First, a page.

Third Circuit Splits with the Seventh Over Standing To Sue For Alleged Inefficient Design of Eye Drop Dispenser
In a surprising decision and split with the Seventh Circuit, the Third Circuit recently held that plaintiffs have standing to sue for unfair trade practices under the theory that a manufacturer is obligated to optimize the number of eye drop doses in a container of a fixed volume, even if there is no alleged misrepresentation as to the number of doses in the product. Cottrell v. Alcon Labs., 874 F.3d 154 (3d Cir. 2017). The Third Circuit suggested that claims based on such a theory may be addressed in a 12(b)(6) motion, or on preemption grounds, but that such grounds are separate from a standing analysis.
Plaintiffs in Cottrell alleged that defendants are manufacturers of FDA-approved eye drop medications for serious medical conditions such as glaucoma. According to the complaint, defendants deliberately designed and manufactured the tips of the droppers to dispense a dose of medication that exceeds the capacity of the eye and is expelled from the eye, thus conferring no benefit and possibly causing unwanted side effects. Plaintiffs alleged violations of consumer protection laws of New Jersey and five other states, seeking damages corresponding to the “wasted” portion of medication.
The U.S. District Court for the District of New Jersey dismissed the complaint for lack of standing under Article III of the U.S. Constitution, which the Supreme Court has held requires a plaintiff to have suffered (and at the pleading stage to have plausibly alleged) an injury in fact to a legally protected interest. The district court held that plaintiffs failed to allege such an injury because plaintiffs’ pricing theory was too speculative, i.e., that it assumed (without support) that eye drop manufacturers price their medication solely based on the volume of fluid contained in the bottles, regardless of other factors. The district court also held that plaintiffs’ theory of damages did not give rise to standing because consumer fraud claims under a benefit-of-the-bargain or out-of-pocket theory normally require allegations that the product at issue failed to perform as advertised or was somehow defective, which was not alleged here. The court noted that defendants’ dispenser design was approved by the FDA and that defendants never promised a certain number of doses.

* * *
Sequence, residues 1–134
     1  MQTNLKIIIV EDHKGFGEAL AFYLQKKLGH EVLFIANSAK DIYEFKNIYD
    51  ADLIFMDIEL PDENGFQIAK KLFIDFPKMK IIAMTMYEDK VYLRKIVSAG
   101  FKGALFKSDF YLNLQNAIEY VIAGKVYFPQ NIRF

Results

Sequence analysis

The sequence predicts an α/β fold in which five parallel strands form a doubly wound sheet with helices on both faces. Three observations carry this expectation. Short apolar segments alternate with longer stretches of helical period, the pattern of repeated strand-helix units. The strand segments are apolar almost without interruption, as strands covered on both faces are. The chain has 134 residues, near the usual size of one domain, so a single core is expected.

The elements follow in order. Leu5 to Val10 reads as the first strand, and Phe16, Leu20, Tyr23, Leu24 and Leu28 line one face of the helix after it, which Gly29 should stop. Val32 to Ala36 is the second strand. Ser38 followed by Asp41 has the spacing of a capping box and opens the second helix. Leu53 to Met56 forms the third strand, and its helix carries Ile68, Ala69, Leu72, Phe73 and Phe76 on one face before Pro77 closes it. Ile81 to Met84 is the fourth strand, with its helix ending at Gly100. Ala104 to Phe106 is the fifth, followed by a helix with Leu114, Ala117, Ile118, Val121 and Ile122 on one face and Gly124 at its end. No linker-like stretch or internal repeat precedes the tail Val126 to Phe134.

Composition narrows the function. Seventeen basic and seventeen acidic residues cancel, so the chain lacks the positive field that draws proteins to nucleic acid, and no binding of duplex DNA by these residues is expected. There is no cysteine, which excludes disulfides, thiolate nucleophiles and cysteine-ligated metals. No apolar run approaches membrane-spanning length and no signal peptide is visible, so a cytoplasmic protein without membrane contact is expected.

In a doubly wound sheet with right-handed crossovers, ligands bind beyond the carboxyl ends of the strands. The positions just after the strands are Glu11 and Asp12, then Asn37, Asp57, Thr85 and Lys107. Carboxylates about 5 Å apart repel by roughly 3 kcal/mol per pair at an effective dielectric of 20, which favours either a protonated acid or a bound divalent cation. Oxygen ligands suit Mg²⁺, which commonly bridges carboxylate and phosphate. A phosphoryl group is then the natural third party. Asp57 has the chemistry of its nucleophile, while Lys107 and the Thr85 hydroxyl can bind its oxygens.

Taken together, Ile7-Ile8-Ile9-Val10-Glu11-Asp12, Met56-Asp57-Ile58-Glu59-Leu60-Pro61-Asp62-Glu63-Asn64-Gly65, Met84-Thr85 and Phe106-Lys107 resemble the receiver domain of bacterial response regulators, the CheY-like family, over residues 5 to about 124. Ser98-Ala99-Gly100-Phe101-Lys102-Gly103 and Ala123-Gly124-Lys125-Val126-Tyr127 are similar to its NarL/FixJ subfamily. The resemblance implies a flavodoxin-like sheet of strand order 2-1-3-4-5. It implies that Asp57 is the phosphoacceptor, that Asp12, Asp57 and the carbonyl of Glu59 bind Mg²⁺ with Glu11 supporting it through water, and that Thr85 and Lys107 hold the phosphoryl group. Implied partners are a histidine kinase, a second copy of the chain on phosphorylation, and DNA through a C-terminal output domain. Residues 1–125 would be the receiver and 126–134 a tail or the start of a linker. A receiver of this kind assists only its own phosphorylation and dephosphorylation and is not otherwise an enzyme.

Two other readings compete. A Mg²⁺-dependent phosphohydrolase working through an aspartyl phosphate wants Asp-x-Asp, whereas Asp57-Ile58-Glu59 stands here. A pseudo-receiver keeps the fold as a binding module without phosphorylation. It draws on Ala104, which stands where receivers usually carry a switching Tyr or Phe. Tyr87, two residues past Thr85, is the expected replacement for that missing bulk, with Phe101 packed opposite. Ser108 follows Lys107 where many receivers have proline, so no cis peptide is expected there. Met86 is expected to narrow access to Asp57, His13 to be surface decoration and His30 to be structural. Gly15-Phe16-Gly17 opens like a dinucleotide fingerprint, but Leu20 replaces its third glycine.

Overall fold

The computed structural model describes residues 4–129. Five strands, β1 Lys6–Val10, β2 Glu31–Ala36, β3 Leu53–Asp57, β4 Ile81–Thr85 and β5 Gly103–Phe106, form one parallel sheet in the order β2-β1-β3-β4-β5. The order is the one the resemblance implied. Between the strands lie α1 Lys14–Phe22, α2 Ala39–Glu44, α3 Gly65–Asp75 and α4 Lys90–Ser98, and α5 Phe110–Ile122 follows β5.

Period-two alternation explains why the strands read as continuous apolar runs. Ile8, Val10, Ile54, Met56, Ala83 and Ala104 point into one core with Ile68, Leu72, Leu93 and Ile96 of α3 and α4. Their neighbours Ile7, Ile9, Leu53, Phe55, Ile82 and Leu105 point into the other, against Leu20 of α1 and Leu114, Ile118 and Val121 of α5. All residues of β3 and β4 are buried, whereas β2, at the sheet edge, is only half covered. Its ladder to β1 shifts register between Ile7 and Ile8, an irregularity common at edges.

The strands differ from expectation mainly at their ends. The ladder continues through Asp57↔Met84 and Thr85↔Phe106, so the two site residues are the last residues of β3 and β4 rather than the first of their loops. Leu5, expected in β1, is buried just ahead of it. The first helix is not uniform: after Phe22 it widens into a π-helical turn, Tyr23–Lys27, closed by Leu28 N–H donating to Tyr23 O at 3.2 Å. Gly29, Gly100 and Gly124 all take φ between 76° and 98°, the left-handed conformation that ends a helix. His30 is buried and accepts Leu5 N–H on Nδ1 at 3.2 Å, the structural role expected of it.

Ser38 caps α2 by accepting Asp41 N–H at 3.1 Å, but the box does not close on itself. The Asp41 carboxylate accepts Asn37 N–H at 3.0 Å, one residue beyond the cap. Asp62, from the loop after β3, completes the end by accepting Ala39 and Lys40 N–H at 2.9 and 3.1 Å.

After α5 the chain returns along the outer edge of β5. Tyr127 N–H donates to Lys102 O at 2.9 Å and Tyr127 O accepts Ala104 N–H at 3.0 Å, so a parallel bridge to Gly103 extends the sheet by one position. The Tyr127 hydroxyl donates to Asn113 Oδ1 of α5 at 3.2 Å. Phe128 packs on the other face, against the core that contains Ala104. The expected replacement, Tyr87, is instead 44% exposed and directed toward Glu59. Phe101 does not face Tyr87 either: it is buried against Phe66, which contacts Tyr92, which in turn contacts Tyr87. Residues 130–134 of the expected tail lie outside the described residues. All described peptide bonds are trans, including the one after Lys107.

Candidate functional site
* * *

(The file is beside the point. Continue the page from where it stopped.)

On appeal, a panel of the Third Circuit reversed in a 2-1 decision. The majority held that plaintiffs adequately alleged an injury in fact to a legally protected economic interest because they were allegedly forced to spend money on medication that was impossible for them to fully use due to defendants’ business practices in alleged violation of state consumer protection statutes. The majority determined that the district court overcomplicated plaintiffs’ pricing theory, which in the circuit court’s view posited that a smaller drop size—with no other changes to the product’s design or price—would provide more doses per bottle. (The dissent faulted as implausible the majority’s assumption that therapies are priced by volume rather than by number of doses in light of contrary evidence).
The majority also criticized the lower court’s treatment of plaintiffs’ reimbursement theory as one sounding in fraud only. The majority concluded that the district court failed to appreciate that the state statutes asserted by plaintiffs provide legal protection against “unfair” business practices, not just fraudulent ones, and that plaintiffs’ allegations satisfied the injury requirement. The court acknowledged that the Seventh Circuit had reached the opposite conclusion on similar allegations but opined that the Seventh Circuit improperly based its standing analysis on a finding that the complaint failed to state a cause of action on the merits, which the majority argued is a separate inquiry from whether plaintiffs claim an injury in fact to a legally protected interest.
The Third Circuit noted that the district court’s reading of the asserted state consumer protection statutes could potentially provide a basis for dismissal under a 12(b)(6) motion, which the district court never reached. Nor did the trial court consider defendants’ preemption arguments, having ruled on the issue of standing. It remains to be seen whether other circuits will follow the Third or Seventh Circuit’s approach in subsequent cases, or whether the clear split between these Circuits will find its way to the Supreme Court.